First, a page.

Democratic Progressive Party (DPP) Legislator Twu Shiing-jer (涂醒哲) yesterday found himself in hot water over remarks he made on breastfeeding, drawing criticism from women’s groups.
On Thursday, when the legislative Social Welfare and Environmental Hygiene Committee meeting was reviewing a bill on breastfeeding in public, Twu, while expressing his support for the idea that women should have the right to breastfeed in public without feeling odd, said “there are a lot of women displaying their breasts and cleavage [on newspapers] everywhere, so why should [a breastfeeding mother] feel odd? I don’t understand. Is it because she thinks [her breasts] are too small to look good?”
The Taiwan Women’s Link condemned Twu in a statement released yesterday.
“We strongly condemn Twu’s discriminatory remarks against women at the legislature yesterday [Thursday], and demand he openly apologize for them,” the statement said. “Twu’s remarks show his ignorance about women’s feelings and disrespect to the female body. As a member of the legislature, Twu should have condemned a social culture that objectifies the female body and makes women uncomfortable. However, he chose to make fun of women who are unwilling to breastfeed in public, and this is highly inappropriate.”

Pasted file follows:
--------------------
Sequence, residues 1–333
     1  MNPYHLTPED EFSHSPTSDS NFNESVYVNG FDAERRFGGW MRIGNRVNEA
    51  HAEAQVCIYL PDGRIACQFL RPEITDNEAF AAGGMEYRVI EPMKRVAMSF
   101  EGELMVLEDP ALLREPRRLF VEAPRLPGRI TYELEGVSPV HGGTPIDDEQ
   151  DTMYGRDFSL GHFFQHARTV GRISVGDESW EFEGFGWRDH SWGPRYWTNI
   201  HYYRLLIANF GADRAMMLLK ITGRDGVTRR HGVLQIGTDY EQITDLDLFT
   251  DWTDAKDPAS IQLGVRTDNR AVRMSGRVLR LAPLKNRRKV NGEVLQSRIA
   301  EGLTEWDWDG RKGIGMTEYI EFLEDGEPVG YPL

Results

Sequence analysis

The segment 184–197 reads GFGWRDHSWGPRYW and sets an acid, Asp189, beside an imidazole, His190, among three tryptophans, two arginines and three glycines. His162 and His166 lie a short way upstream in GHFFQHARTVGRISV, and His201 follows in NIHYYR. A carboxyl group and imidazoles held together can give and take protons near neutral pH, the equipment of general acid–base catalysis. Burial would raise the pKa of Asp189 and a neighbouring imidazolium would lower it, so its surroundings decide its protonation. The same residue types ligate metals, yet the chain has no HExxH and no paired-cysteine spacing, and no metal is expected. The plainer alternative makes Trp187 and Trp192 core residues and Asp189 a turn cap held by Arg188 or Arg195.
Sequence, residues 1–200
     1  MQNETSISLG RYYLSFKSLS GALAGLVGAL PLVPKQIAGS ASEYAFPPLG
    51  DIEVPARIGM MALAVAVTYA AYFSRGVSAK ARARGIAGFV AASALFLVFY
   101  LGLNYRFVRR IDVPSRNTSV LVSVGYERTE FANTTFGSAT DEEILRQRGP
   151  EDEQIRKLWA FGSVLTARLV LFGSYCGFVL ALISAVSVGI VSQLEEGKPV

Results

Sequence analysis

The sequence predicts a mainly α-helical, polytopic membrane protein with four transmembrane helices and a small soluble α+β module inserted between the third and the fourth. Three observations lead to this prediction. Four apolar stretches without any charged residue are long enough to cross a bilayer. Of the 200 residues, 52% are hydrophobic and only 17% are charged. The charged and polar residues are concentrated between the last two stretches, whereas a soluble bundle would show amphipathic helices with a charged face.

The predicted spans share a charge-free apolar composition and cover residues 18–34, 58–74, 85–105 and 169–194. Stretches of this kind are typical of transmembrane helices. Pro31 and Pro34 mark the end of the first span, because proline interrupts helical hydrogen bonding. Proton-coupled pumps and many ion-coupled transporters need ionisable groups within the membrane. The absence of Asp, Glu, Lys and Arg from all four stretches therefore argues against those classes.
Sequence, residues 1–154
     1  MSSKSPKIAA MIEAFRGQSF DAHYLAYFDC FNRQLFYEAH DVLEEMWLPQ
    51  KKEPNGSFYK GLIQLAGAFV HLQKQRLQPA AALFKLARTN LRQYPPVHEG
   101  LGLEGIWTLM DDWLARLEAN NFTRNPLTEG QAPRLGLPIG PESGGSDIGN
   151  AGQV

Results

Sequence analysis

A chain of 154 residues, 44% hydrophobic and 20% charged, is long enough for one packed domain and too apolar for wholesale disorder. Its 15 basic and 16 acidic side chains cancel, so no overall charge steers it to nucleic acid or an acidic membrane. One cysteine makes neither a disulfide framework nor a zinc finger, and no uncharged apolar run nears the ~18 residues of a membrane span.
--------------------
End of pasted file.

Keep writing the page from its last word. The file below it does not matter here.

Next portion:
A senior policy researcher at the Awakening Foundation, Tseng Chao-yuan (曾昭媛), said she would not comment on the remarks of an individual lawmaker, adding that she condemns discriminatory behavior against women performed by all lawmakers.
“This is not the first time that a legislator has made an inappropriate comment [like this],” Tseng said. “There is a Disciplinary Committee in the legislature, and I hope it’s there for a purpose.”
“Yes, the Constitution waives responsibilities for lawmakers’ comments during legislative meetings, but that doesn’t mean they’re free to make discriminatory comments — do they really want us to file a petition with the Control Yuan?” she asked.
Female DPP lawmakers, including Chen Ting-fei (陳亭妃) and Huang Sue-ying (黃淑英), said they understood that Twu made the remarks with good intentions, but added that the way he said it was wrong.
Twu defended himself by accusing the media of taking his remarks out of context.
“I think breastfeeding is very beautiful, and what I said during the meeting was just meant to condemn the way some people in society look at it,” he said.
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